That third generation is part of what makes Perfection such a special story.

According to the Family Business Institute, just 12 percent of family businesses are still viable into the third generation. So, Rachel’s involvement is not only helping the business now, but providing some hope for future success while still keeping the business in the Kahn family.

To this day, the family-owned business still follows many of the same principles that it was built on. But that doesn’t mean that every aspect of the business is old fashioned. To survive all those years, the ability to adapt to new technologies and business methods was absolutely key.

Louis Kahn said in a retrospective interview celebrating the company’s 60 years in business:

“We had SPC in place when most of our competitors didn’t know what SPC was. We had computers in place when most of our competitors did not even have fax machines. We had CNC Coiling equipment when most of our competitors were still doing their looping and trimming manually. To continue to thrive, Perfection needs to adapt, change, reinvent itself and never believe that ‘Good enough is good enough.’”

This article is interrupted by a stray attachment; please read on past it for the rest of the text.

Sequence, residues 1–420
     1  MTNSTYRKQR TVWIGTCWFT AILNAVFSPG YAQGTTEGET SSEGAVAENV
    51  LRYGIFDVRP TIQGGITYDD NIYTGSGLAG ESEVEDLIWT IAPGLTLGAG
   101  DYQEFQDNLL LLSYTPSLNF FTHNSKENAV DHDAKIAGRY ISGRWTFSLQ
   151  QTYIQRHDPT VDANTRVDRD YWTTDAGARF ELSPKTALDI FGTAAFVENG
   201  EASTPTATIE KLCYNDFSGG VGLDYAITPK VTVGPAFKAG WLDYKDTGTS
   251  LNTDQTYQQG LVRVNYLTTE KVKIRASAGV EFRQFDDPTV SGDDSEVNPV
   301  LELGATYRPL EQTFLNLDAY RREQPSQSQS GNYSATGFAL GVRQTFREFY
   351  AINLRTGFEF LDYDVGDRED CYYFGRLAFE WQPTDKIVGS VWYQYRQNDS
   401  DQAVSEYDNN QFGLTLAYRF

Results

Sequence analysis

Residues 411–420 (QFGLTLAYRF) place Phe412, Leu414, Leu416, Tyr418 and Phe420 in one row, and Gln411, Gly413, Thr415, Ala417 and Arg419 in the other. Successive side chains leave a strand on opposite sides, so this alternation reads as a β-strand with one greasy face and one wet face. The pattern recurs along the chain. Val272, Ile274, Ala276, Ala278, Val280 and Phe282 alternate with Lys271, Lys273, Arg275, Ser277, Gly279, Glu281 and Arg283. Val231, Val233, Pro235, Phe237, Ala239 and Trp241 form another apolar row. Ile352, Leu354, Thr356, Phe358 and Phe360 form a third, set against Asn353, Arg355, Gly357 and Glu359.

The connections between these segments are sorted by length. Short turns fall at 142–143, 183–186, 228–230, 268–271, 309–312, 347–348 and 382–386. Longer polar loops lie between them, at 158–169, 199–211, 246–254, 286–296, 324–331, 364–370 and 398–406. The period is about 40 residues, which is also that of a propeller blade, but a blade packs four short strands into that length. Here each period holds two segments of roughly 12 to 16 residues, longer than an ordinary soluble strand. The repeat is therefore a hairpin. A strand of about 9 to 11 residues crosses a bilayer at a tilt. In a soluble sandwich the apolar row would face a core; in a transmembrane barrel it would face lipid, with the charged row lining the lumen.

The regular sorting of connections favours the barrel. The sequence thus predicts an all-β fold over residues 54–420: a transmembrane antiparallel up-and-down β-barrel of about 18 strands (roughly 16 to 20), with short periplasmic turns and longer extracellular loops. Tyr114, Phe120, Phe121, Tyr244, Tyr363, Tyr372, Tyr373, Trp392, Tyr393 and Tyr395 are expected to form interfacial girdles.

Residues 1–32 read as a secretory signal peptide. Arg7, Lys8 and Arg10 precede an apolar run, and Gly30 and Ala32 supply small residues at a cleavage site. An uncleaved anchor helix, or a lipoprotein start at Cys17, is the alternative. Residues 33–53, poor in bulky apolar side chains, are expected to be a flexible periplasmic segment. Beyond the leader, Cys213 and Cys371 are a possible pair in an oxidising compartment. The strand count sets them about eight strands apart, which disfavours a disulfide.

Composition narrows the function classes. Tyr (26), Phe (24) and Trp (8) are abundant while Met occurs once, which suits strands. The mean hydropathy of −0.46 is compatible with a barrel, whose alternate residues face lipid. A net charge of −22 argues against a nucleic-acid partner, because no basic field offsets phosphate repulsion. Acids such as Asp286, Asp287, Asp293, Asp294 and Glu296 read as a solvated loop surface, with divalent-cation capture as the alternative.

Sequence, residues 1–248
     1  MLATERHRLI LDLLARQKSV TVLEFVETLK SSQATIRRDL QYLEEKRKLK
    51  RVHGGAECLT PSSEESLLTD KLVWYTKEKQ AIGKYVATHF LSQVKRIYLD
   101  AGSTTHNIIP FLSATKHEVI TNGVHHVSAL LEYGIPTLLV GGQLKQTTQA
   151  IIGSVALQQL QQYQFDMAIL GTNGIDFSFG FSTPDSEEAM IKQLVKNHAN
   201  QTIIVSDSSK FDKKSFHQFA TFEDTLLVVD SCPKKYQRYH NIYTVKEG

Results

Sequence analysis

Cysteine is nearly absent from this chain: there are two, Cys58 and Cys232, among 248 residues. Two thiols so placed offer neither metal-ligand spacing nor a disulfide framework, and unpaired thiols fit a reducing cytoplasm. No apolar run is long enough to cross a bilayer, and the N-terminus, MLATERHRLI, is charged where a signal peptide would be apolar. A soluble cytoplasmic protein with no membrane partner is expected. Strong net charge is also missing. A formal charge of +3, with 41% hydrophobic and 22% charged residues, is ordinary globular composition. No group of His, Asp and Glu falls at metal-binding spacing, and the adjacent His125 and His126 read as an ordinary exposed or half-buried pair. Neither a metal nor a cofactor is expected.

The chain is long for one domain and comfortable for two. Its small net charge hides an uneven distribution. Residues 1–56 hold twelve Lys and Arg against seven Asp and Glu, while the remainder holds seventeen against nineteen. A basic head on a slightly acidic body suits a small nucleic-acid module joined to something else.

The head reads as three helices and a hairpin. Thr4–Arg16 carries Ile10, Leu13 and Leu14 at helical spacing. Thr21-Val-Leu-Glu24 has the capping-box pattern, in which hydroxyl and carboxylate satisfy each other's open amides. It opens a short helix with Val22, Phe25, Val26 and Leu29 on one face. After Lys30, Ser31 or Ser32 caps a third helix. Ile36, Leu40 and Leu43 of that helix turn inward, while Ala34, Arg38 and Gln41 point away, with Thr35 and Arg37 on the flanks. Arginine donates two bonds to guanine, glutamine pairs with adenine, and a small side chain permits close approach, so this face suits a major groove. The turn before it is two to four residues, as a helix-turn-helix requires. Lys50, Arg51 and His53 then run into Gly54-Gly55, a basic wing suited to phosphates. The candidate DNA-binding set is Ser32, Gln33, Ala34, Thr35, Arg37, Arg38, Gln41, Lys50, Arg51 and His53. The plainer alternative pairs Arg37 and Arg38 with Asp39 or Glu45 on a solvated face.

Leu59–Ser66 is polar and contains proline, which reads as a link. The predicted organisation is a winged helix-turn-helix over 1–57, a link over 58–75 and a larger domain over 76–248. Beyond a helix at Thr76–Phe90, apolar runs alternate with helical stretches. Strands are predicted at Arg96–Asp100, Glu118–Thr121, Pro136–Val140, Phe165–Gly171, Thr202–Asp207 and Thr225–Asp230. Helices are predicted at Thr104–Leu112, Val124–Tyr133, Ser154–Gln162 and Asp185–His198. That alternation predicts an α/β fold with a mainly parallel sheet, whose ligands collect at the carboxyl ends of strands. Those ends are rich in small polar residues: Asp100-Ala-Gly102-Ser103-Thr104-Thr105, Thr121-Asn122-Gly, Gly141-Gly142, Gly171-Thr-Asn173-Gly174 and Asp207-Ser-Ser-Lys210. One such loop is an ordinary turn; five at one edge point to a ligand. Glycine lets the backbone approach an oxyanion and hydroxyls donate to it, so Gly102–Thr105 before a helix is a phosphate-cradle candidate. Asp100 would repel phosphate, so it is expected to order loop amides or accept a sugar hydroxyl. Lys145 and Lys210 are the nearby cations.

Throughout its six decades in business, the company has had to adapt to things like stronger environmental regulations and customer expectations, along with recessions and globalization of its competitors. But while the company has updated its technology, environmental policies and plenty of other business practices to keep up with the times, there are some things that it will simply never change.